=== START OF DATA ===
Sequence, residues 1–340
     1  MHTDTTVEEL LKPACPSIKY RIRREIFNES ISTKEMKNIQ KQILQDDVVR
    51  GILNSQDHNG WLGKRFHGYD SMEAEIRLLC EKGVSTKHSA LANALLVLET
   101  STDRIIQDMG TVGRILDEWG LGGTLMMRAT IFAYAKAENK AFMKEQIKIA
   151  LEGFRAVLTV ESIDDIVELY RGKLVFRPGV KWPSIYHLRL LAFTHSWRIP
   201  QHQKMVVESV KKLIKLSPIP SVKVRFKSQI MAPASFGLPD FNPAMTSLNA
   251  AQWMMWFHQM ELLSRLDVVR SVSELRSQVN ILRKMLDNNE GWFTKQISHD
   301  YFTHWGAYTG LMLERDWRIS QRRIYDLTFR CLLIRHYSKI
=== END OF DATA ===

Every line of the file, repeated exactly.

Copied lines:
Sequence, residues 1–340
     1  MHTDTTVEEL LKPACPSIKY RIRREIFNES ISTKEMKNIQ KQILQDDVVR
    51  GILNSQDHNG WLGKRFHGYD SMEAEIRLLC EKGVSTKHSA LANALLVLET
   101  STDRIIQDMG TVGRILDEWG LGGTLMMRAT IFAYAKAENK AFMKEQIKIA
   151  LEGFRAVLTV ESIDDIVELY RGKLVFRPGV KWPSIYHLRL LAFTHSWRIP
   201  QHQKMVVESV KKLIKLSPIP SVKVRFKSQI MAPASFGLPD FNPAMTSLNA
   251  AQWMMWFHQM ELLSRLDVVR SVSELRSQVN ILRKMLDNNE GWFTKQISHD
   301  YFTHWGAYTG LMLERDWRIS QRRIYDLTFR CLLIRHYSKI